DNV authorized to carry out surveys on Japanese flagged vessels
Under Japanese legislation, DNV has been designated as a Recognised Organisation by the Japanese government and is granted delegated responsibility for statutory surveys and permission to issue statutory certificates, t
Today’s ceremony was held at the Japanese Ministry of Land, Infrastructure, Transport and Tourism. Director General of the Maritime Bureau, Mr Masato Mori presented the official certificate of registration to Henrik O. Madsen, CEO of the DNV Group.
Mr Masato Mori congratulated DNV and expressed his appreciation for the efforts made by both parties to achieve this important outcome. He acknowledged DNV’s strong international reputation and wished the classification society success in supporting the growth of the Japanese flagged fleet.
Said Mr Madsen: “DNV is proud to secure authorisation from the Japanese government. Close cooperation involving an extensive technical evaluation from both parties lasting for a year and a half has led us the where we are today. DNV currently provides leading Japanese operators with international classification services through our global network and we are pleased that these services can now be extended to cover Japanese-flagged ships. We look forward to supporting the growth of the Japanese flagged fleet.”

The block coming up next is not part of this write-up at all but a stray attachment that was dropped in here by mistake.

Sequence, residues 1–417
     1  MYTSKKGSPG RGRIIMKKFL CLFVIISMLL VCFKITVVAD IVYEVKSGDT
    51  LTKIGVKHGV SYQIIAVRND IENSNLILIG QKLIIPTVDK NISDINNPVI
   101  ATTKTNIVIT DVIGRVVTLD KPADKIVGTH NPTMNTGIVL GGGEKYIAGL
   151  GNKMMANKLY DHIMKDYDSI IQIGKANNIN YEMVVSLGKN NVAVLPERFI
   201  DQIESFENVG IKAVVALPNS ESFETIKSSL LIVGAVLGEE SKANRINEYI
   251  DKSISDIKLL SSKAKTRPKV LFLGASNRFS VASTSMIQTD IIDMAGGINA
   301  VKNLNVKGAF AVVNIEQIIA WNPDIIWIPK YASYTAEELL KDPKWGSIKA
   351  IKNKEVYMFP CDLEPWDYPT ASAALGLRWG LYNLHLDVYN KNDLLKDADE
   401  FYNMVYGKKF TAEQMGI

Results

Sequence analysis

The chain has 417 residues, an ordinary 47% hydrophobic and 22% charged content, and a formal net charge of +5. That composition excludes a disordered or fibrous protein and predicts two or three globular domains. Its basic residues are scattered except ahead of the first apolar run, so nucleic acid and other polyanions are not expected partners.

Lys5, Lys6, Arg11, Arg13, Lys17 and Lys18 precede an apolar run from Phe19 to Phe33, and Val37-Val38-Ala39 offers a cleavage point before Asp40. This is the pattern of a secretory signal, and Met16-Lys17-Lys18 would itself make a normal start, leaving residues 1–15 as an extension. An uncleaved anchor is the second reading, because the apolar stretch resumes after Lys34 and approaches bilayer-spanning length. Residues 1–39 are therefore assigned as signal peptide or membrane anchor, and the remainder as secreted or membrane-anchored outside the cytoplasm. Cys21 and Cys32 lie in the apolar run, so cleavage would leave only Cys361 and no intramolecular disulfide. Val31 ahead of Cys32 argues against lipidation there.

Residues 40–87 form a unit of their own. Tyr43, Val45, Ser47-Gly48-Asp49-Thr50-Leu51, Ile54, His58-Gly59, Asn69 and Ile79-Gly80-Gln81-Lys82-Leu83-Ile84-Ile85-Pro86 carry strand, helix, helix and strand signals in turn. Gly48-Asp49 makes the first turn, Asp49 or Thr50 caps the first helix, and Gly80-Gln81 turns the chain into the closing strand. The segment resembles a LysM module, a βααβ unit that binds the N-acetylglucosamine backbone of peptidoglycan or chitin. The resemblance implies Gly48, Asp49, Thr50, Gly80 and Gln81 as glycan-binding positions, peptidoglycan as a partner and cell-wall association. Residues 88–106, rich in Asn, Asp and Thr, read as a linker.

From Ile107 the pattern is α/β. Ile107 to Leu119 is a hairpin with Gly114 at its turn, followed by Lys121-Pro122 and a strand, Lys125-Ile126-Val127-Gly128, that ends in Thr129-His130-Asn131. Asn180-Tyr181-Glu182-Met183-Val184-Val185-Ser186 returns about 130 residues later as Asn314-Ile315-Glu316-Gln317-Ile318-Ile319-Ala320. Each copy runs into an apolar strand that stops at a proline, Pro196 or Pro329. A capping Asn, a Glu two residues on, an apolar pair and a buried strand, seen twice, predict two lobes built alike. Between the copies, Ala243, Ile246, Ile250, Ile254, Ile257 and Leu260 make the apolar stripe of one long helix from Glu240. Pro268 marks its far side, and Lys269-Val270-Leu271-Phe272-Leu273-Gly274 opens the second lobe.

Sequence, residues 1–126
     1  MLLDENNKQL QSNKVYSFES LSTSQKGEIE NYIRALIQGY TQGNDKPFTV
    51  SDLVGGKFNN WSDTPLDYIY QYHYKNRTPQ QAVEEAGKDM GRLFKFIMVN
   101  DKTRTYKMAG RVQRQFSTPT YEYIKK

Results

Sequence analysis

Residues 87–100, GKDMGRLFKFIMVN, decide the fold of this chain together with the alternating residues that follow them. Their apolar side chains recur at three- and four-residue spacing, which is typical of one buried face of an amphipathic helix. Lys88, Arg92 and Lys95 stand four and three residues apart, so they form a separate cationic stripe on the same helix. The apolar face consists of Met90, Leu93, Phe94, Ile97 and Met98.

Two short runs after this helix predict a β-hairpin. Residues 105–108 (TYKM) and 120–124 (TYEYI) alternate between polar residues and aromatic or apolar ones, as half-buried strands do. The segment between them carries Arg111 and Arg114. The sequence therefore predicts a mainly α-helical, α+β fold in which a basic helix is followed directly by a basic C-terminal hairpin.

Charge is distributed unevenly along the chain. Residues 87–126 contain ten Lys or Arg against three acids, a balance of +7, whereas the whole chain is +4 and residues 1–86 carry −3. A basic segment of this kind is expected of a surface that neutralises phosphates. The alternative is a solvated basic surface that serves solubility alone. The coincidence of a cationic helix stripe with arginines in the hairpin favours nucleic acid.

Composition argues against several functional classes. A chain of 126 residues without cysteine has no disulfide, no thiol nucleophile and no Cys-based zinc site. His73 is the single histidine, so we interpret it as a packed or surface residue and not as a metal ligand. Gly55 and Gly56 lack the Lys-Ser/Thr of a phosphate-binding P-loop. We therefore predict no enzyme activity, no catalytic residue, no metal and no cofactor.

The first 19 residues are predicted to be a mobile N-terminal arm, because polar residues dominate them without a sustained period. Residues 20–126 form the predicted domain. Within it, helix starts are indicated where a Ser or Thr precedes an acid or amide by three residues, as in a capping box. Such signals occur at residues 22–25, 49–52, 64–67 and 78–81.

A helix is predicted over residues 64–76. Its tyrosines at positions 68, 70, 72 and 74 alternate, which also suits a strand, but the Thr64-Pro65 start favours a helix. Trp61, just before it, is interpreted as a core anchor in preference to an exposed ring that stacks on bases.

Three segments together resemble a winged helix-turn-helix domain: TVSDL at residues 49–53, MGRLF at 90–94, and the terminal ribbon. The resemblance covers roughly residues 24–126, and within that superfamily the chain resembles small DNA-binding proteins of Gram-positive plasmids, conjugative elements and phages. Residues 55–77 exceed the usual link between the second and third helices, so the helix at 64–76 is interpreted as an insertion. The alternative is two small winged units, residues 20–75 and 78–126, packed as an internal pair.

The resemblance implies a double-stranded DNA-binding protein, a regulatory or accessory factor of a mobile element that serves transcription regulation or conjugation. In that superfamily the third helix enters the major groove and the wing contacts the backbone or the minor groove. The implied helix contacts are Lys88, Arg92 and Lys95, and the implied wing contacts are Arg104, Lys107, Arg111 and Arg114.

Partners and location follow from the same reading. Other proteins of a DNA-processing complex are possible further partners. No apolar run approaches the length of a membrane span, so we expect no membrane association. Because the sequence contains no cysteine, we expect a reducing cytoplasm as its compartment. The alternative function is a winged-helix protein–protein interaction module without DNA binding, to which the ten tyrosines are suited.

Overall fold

A year ago Nippon Kaiji Kyokai (ClassNK) was designated as a Recognised Organisation by the Norwegian government and was granted delegated responsibility for statutory surveys and permission to issue statutory certificates. The agreement authorized ClassNK to examine compliance to various treaties of Norwegian-flagged vessels and issue certificates for ships registered under its flag.
Det Norske Veritas (DNV) established in 1864 in Norway to inspect and evaluate the technical condition of Norwegian merchant vessels is now a global provider of services for managing risk. An independent foundation with the objective of safeguarding life, property and the environment, DNV comprises 300 offices in 100 countries, with more than 10,000 employees.